Catastrophe risk modeller RMS has provided the clearest view of the escalation in industry loss estimates for recent hurricane Ida, pegging the total onshore and offshore losses for the Gulf region at between $25 billion and $35 billion.
This doesn’t include any of the damages experienced further north from hurricane Ida’s track and remnant flooding, suggesting there is a relatively significant addition to make to the total.
RMS’ estimate is a particularly wide range though, which perhaps reflects how challenging a loss event the hurricane is expected to present to the insurance and reinsurance industry.
RMS said late yesterday that onshore and offshore U.S. insured losses from hurricane Ida in the Gulf of Mexico are expected to be between $25 billion and $35 billion.
This is based on an insurance and reinsurance market loss of between $21 billion and $28 billion for wind and surge damages, $1 billion to $1.5 billion for inland flooding in the Gulf states only, $700 million to $1.5 billion for offshore energy damages, plus between $2.3 billion and $4 billion of losses to the National Flood Insurance Program (NFIP) across the four impacted Gulf Coast states (Alabama, Florida, Louisiana and Mississippi).
It’s the highest estimate so far from any catastrophe modeller and even the wind and storm surge damage estimate of up to $28 billion is above competitors such as AIR’s up to $25 billion, KCC’s around $18 billion and CoreLogic’s up to $21 billion.
RMS’ catastrophe loss estimate includes wind, storm surge, and inland flood losses across only the impacted Gulf states in the landfall region — Alabama, Florida, Louisiana and Mississippi.
The company said it will put out an estimate for the wind and inland flooding impacts in Ohio Valley, Mid-Atlantic, and Northeast U.S. regions, once the full extent of damage is known.
RMS’ estimate shows this is likely to be the kind of range the industry will be considering, once all private market losses and NFIP impacts are combined.
The NFIP loss estimate from RMS is also helpful, as we know that the NFIP’s traditional reinsurance cover attaches at around $4 billion of losses to the Program.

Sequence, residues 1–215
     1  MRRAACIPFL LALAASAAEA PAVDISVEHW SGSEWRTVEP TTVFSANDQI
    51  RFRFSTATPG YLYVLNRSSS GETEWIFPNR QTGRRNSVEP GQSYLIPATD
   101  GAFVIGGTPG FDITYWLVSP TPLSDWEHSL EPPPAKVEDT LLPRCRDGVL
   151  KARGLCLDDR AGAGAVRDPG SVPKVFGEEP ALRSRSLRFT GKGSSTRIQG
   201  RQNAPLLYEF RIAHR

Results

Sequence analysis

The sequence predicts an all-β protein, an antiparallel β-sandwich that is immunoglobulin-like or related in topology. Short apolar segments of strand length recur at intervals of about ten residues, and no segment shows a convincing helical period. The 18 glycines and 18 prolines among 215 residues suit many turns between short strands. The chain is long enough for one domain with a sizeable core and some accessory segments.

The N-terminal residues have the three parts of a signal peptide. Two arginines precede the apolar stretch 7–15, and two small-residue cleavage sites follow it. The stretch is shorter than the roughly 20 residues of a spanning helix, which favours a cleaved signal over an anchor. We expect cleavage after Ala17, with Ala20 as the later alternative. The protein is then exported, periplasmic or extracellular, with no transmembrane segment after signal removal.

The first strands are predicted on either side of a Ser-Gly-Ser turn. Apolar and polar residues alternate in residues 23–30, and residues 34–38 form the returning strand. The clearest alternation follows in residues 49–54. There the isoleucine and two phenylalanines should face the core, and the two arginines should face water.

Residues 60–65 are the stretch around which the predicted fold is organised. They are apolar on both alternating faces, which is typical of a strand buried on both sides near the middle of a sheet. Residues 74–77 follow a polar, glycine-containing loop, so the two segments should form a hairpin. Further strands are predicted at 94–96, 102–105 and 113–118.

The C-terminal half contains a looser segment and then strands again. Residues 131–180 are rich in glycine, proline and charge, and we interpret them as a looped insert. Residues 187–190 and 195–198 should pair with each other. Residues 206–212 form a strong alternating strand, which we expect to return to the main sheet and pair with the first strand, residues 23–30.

With RMS estimating between $2.3 billion and $4 billion of losses to the NFIP just for the lower states, it seems possible the Program’s reinsurance attaches once losses from flooding along Ida’s passage north and east are also factored in.
The NFIP’s catastrophe bonds all attach higher up, but are likely to continue to be considered at risk for the coming weeks until greater clarity over the NFIP’s claims from hurricane Ida is available.
“Ida was truly a multi-faceted event in terms of hazard and loss impacts. RMS virtual reconnaissance efforts and analysis of aerial imagery show widespread wind and water-related damage in Louisiana and neighboring Gulf Coast states, including many severe or total structural losses. From a wind perspective, this storm was a design level event, where observed wind speeds often exceeded speeds that buildings have been designed to withstand, particularly in the hardest hit areas in southern Louisiana. Many areas impacted by Ida’s winds were also impacted by storm surge, precipitation-induced flooding, and the hurricane events of 2020. In these instances, loss attribution and differentiation may become more complex, leading to longer claims settlement periods,” explained Jeff Waters, Senior Product Manager, RMS North Atlantic Hurricane Models.